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RG5393.AM:  Hardy W. Campbell, 1850-1937

Correspondence; writings:  1925-1927

Brown County, Dakota Territory:  Farmer

Size:  One folder


Born in Vermont in 1850, Hardy Webster Campbell homesteaded in Brown County, Dakota Territory, where he helped to found the county’s first rural school near Putney.  After several crop failures, Campbell began experimenting with various farming practices to help conserve soil moisture.  He eventually established a system called, “Scientific Soil Culture,” which he believed could be successful even in years of drought.  He promoted his system of agriculture, and from the 1900s to the 1930s, he managed demonstration farms and gave lectures along several rail lines through the Great Plains. Campbell wrote articles for numerous agricultural publications and established two agricultural journals.  Hardy W. Campbell continued lecturing on his dry farming techniques and eventually settled in California, where he died in 1937.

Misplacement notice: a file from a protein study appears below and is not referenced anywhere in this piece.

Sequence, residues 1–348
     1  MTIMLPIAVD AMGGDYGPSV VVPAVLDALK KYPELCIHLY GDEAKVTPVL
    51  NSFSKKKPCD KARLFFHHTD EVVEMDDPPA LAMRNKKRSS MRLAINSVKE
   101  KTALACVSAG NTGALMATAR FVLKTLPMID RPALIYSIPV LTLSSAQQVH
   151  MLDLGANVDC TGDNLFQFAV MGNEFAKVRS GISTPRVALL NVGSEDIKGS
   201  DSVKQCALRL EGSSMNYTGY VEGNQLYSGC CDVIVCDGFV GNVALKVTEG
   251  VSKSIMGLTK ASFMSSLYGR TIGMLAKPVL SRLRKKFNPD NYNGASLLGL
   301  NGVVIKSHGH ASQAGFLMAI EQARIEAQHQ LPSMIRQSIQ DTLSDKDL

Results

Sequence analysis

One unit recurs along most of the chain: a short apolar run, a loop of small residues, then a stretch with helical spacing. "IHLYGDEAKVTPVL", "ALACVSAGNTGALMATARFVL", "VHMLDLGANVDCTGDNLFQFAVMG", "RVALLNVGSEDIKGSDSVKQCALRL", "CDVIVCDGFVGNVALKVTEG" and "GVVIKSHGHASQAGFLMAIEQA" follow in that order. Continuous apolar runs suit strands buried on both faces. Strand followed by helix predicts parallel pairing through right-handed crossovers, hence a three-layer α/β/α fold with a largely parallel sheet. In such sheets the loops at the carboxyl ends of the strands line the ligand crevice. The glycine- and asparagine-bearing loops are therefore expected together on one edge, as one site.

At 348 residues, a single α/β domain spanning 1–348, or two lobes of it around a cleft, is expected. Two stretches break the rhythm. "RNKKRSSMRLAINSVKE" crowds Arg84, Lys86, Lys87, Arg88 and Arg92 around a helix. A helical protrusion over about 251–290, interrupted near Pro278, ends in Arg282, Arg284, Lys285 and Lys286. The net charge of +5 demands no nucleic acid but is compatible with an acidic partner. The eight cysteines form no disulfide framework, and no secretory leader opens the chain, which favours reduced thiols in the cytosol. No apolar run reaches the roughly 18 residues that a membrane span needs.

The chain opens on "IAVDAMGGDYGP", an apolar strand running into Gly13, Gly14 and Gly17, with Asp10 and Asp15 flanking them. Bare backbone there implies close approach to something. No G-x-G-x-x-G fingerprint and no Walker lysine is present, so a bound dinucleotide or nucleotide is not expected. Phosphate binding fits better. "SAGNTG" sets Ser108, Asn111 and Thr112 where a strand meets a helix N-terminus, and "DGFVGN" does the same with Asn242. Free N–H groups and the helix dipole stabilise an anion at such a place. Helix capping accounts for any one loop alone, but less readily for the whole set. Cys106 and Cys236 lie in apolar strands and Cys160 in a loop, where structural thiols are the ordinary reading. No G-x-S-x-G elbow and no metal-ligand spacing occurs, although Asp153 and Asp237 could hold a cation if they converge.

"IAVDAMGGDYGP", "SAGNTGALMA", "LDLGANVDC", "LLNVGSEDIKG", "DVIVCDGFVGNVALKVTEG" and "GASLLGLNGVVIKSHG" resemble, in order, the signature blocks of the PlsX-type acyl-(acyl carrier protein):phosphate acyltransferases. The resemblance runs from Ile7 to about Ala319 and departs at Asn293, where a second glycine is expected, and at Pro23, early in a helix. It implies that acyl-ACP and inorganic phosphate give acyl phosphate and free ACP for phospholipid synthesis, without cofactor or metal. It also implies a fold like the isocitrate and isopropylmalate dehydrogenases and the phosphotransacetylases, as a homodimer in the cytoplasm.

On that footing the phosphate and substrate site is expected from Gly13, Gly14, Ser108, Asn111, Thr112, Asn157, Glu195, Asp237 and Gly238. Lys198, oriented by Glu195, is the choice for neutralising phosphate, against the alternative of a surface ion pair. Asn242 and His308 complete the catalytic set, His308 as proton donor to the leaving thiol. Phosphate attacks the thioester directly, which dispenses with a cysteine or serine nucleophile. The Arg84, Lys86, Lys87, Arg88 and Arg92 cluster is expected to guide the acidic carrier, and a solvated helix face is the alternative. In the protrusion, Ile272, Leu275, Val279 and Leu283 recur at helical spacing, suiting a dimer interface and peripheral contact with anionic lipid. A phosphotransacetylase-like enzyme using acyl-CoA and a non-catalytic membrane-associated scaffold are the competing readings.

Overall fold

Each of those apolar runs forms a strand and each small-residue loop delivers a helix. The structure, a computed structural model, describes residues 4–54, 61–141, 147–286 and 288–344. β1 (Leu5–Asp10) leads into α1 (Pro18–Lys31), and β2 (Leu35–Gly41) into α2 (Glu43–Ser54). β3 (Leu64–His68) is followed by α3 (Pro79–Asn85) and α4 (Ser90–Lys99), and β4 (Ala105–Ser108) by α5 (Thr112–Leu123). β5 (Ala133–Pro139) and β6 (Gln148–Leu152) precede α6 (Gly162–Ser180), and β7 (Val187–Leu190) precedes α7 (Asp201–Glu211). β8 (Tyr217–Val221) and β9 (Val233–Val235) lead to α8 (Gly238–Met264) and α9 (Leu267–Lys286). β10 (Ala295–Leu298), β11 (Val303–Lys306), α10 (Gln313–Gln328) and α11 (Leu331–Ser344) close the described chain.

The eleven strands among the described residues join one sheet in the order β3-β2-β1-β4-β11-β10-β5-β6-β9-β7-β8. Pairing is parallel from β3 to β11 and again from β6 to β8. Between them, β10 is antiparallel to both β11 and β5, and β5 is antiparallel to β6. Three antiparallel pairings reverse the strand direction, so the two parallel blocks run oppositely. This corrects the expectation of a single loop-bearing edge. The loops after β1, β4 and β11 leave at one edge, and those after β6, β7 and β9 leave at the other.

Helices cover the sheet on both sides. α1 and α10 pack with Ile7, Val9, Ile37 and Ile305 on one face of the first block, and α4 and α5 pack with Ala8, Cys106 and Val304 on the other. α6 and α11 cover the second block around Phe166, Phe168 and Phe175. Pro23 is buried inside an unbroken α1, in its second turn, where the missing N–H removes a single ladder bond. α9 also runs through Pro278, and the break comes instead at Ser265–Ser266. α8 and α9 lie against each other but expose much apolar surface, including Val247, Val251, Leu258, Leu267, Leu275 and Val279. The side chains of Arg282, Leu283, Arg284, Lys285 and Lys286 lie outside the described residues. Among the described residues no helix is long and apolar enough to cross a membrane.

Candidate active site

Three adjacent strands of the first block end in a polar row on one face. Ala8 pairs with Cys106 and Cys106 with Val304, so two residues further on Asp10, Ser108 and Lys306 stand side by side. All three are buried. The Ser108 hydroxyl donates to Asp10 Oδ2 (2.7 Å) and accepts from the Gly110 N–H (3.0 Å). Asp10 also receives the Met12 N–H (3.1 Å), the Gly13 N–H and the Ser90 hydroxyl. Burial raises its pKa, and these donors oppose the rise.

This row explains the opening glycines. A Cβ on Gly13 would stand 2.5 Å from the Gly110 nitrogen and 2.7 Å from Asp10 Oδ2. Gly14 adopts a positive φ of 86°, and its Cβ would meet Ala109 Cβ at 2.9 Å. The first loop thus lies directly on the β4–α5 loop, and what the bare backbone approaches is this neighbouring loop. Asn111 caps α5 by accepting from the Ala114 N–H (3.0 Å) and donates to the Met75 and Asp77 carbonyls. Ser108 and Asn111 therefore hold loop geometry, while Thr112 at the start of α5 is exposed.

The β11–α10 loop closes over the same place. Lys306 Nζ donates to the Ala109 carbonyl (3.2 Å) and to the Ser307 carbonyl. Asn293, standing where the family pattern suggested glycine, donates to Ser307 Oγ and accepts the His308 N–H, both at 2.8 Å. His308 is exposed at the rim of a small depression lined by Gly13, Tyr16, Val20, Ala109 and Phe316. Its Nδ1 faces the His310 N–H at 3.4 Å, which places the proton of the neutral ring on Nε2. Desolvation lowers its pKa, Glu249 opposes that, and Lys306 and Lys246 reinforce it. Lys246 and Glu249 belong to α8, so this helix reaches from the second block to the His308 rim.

This collection consists of one folder containing correspondence and writings by Hardy W. Campbell.  Much of the correspondence is between Hardy W. Campbell and Addison E. Sheldon, superintendent of the Nebraska State Historical Society.  The Society invited Campbell to Nebraska to give a lecture on the history of dry farming practices.  Campbell was unable to attend, but he sent a speech to be read, entitled, “The Origin and Beginning of Progressive Soil Culture or Dry Farming in the Western Plains Region.”  Several additional published articles and a bibliography of Campbell’s works is also included in the collection.  Items in the collection date from 1925 to 1927.


Correspondence and writings of Hardy W. Campbell, 1925-1927


Subject headings:

Campbell, Hardy Webster, 1850-1937

Crop improvement

Dry farming

Sheldon, Addison Erwin, 1861-1943

Soil conservation


TMM     01-13-2021